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From the Mountains to the Sea

By Doug Gantenbein
- August 2nd, 2000
Take a hike - to Washington's remote coast

Most hikes in the United States are, of course, heavy on the forests or mountains or deserts. But when was the last time you hiked on the beach? Washington State's coastal portion of Olympic National Park offers some of the most spectacular coastal hiking in North America. And a particularly attractive portion of it is Shi Shi Beach, a former 1960s hippie hangout that was made part of the park in the 1980s.

To get there, drive US 101 to the town of Sappho, then drive north on State Route 112 to the village of Sekiu. Turn left on Ozette Road, and drive 20 miles to the Ozette Ranger Station.

The trail extends 13.4 miles from the ranger station to Shi Shi beach, necessitating a backpack. Be prepared for wet, muddy conditions and several rope-assisted ascents and descents (they're short). The payoff is access to one of the wildest, most remote stretches of coast in North America. You'll be rewarded by the low rumble of surf rolling over sand and stones, the tangy smell of the blue-gray, and the sight of wind-twisted Sitka spruce forests lining the bluffs. Weirdly shaped sea stacks project from headlands, resembling some prehistoric scene, like a line of dinosaurs marching into the ocean. Shi Shi Beach (pronounced " shy-shy " ) itself is a 2.3-mile sweep of sandy shoreline.

Raccoons, river and sea otters, and eagles are common sights; and colorful tide-pool creatures are revealed whenever the tide is low. Gray whales can be spotted spouting offshore in spring and fall. Deer, elk, bears and even cougars are there, though seen infrequently.

Take a tide chart, as beach hikers will be forced to go around several headlands while exploring the beaches, and an incoming tide can trap the unwary. The footing can alternate between loose sand and slippery seaweed- covered tidal boulders.

For details, call the Olympic National Park Wilderness Information Center, 360-452-0300.

Forest Service cabins make great getaways
Looking for something different for a summer getaway? Many of the fire lookouts and cabins on Forest Service land are available for rental. An example: The Bolan Mountain Lookout, a 14x14-foot cabin atop Bolan Mountain in remote southwest Oregon - more than 6,000 feet above sea level. Or, 24 log cabins are available for rent in the Gallatin National Forest in Montana. Built primarily in the 1920s and 1930s for use by early Forest Rangers, the cabins offer a chance to camp in the forest in a rustic old-time setting. Some of the cabins have electricity; all have either wood or electric stoves for cooking and heating; none have indoor plumbing.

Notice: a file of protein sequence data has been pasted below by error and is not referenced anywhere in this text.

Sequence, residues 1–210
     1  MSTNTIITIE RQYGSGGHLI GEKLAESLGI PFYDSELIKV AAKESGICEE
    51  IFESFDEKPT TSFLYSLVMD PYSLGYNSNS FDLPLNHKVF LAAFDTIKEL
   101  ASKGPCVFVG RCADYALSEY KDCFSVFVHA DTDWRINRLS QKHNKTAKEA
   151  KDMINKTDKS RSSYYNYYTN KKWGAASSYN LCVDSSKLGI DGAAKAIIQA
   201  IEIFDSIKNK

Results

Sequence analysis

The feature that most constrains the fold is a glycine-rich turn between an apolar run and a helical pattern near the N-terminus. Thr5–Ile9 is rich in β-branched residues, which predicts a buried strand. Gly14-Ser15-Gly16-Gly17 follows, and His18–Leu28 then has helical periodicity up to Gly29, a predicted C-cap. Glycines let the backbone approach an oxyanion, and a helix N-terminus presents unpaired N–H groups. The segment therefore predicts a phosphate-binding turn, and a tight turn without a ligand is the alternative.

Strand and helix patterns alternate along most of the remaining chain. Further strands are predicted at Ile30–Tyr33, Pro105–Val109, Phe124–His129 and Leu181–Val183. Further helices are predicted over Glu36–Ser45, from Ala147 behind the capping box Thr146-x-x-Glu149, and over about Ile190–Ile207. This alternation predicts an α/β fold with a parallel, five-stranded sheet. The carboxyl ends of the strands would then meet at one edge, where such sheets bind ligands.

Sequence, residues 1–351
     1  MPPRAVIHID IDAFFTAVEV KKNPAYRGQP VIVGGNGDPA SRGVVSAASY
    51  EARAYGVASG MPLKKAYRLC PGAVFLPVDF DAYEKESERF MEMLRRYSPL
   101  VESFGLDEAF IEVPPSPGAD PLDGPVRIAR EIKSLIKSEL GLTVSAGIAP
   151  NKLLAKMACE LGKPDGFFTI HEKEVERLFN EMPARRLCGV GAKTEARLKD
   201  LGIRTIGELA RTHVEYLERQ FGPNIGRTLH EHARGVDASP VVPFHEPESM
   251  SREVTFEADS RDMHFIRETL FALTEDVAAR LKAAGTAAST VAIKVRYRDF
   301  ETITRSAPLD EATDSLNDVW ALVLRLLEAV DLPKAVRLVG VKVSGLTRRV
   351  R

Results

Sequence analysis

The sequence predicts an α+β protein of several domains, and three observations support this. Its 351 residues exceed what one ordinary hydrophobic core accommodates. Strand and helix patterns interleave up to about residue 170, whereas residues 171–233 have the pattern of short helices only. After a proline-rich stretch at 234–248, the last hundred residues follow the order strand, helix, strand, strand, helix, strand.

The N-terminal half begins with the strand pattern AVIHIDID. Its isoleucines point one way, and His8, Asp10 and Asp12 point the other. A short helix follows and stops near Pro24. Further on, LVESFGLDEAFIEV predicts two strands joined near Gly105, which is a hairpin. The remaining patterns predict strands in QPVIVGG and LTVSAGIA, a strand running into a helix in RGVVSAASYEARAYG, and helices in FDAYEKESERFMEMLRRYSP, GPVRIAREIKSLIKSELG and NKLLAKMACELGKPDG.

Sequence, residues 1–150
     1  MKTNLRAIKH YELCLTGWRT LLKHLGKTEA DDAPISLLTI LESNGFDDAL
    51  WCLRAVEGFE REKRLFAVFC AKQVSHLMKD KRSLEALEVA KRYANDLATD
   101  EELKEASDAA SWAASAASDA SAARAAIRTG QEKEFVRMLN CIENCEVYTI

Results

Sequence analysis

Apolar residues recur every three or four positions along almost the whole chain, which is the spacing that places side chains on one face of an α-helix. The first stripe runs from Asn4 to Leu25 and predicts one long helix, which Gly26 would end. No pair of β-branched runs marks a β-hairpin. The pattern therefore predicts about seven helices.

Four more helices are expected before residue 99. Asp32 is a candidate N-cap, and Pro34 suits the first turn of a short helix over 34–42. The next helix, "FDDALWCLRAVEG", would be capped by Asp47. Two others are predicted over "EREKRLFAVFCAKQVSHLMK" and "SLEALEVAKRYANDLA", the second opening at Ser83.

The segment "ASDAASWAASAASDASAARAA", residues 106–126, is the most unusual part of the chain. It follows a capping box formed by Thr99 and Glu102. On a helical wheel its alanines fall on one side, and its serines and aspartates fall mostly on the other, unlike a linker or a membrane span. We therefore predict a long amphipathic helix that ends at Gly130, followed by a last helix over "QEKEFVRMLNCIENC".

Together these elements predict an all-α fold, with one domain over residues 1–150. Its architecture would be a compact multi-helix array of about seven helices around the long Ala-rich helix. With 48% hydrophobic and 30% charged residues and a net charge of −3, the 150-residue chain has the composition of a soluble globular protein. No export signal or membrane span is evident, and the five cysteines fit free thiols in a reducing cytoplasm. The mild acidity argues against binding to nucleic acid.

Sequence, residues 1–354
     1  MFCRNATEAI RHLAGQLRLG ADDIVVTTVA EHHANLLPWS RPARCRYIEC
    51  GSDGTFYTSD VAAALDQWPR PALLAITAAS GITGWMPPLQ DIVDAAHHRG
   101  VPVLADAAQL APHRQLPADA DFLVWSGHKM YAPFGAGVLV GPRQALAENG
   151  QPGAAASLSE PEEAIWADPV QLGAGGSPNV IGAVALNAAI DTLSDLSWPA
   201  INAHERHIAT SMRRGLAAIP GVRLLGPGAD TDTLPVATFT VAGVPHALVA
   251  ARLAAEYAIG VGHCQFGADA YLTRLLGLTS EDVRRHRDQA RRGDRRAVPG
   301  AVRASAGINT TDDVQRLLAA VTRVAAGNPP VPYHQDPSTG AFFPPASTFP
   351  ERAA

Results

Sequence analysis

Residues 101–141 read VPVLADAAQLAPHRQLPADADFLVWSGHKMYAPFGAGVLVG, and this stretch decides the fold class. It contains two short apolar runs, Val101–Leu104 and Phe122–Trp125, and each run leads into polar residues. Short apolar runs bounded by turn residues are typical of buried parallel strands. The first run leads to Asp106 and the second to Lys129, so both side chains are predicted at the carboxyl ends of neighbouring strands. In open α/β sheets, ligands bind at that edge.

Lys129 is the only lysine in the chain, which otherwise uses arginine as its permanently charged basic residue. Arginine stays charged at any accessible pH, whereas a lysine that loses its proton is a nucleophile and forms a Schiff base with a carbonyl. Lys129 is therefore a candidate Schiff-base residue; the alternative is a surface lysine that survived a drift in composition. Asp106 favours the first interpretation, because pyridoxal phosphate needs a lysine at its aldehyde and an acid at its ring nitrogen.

Most of the fire lookouts and cabins that are available for rental are in remote areas and have little in the way of amenities. Often there is no plumbing, no heat, and you must in most cases bring your own cooking utensils, drinking water, bedding and other supplies. Expect to use outdoor privies.

A permit is required to rent the cabins and lookouts, and a rental fee (often between $20 and $40 per night) is used by the Forest Service to help pay for the maintenance of the cabin. Permits may be obtained by contacting the Forest Service office that manages the district in which the cabin or lookout is found.

A full listing of Forest Service cabins and lookouts, along with reservation and fee information, can be found at

Take a walk into volcano country
For an experience that will move you - in more ways than one - visit Fish Valley in the John Muir Wilderness, southwest of California's Mammoth Lakes. The entire area is perched atop a gigantic underground chamber of molten rock. (Think of it as a vast subterranean pool of warm Jell-O.) After an enormous eruption some 760,000 years ago shaped much of the modern landscape, the magma chamber settled down to continuous jiggling - on one day in 1997, 1,000 small earthquakes were recorded.

Fish Valley is about 325 miles north of Los Angeles and 300 miles southeast of San Francisco. To get there, take US 395 to north of Bishop. At CA 203, turn north toward the Mammoth Mountain Ski Resort. After 7:30 a.m. you will need to take a shuttle bus to the Rainbow Falls trailhead. (Get there early and you can park at the trailhead.)

From Rainbow Falls, the Fish Creek Trail connects with the Pacific Crest Trail to fork a 31-mile loop through the Fish and Cascade Valleys. The low point is Fox Meadow, at 6,500 feet; the high point is a 10,500-foot summit north of Purple Lake.

Along the way, you'll pass through forests of lodgepole and Jeffrey pine, cross glacier- smoothed granite slabs, and see red cinder cones formed by powder eruptions that interspersed flows of liquid rock. You also can enjoy a benign benefit of this hot activity by soaking in the Iva Bell Hot Springs.

Due to its proximity to California's most populous areas, this area gets crowded on the weekends. For information or backcountry reservations, call the Mammoth Lakes Visitor Center, 760-924-5500.